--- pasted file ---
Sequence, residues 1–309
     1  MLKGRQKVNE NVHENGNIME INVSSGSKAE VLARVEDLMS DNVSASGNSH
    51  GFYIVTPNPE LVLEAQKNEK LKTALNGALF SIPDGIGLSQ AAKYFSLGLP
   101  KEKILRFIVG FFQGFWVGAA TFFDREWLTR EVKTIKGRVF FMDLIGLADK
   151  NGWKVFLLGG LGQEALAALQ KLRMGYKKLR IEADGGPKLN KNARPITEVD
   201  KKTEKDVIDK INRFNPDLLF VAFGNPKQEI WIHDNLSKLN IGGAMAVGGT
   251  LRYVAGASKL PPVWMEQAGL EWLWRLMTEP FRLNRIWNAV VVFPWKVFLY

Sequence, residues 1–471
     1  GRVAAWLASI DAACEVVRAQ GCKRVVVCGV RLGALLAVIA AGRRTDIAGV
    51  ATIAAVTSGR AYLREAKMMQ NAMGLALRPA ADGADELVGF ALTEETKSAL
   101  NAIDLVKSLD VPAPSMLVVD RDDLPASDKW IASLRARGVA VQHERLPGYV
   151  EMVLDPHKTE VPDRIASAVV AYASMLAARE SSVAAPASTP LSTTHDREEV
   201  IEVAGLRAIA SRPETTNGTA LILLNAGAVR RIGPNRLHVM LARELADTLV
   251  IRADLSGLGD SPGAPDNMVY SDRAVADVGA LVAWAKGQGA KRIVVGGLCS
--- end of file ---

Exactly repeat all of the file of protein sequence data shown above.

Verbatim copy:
Sequence, residues 1–309
     1  MLKGRQKVNE NVHENGNIME INVSSGSKAE VLARVEDLMS DNVSASGNSH
    51  GFYIVTPNPE LVLEAQKNEK LKTALNGALF SIPDGIGLSQ AAKYFSLGLP
   101  KEKILRFIVG FFQGFWVGAA TFFDREWLTR EVKTIKGRVF FMDLIGLADK
   151  NGWKVFLLGG LGQEALAALQ KLRMGYKKLR IEADGGPKLN KNARPITEVD
   201  KKTEKDVIDK INRFNPDLLF VAFGNPKQEI WIHDNLSKLN IGGAMAVGGT
   251  LRYVAGASKL PPVWMEQAGL EWLWRLMTEP FRLNRIWNAV VVFPWKVFLY

Sequence, residues 1–471
     1  GRVAAWLASI DAACEVVRAQ GCKRVVVCGV RLGALLAVIA AGRRTDIAGV
    51  ATIAAVTSGR AYLREAKMMQ NAMGLALRPA ADGADELVGF ALTEETKSAL
   101  NAIDLVKSLD VPAPSMLVVD RDDLPASDKW IASLRARGVA VQHERLPGYV
   151  EMVLDPHKTE VPDRIASAVV AYASMLAARE SSVAAPASTP LSTTHDREEV
   201  IEVAGLRAIA SRPETTNGTA LILLNAGAVR RIGPNRLHVM LARELADTLV
   251  IRADLSGLGD SPGAPDNMVY SDRAVADVGA LVAWAKGQGA KRIVVGGLCS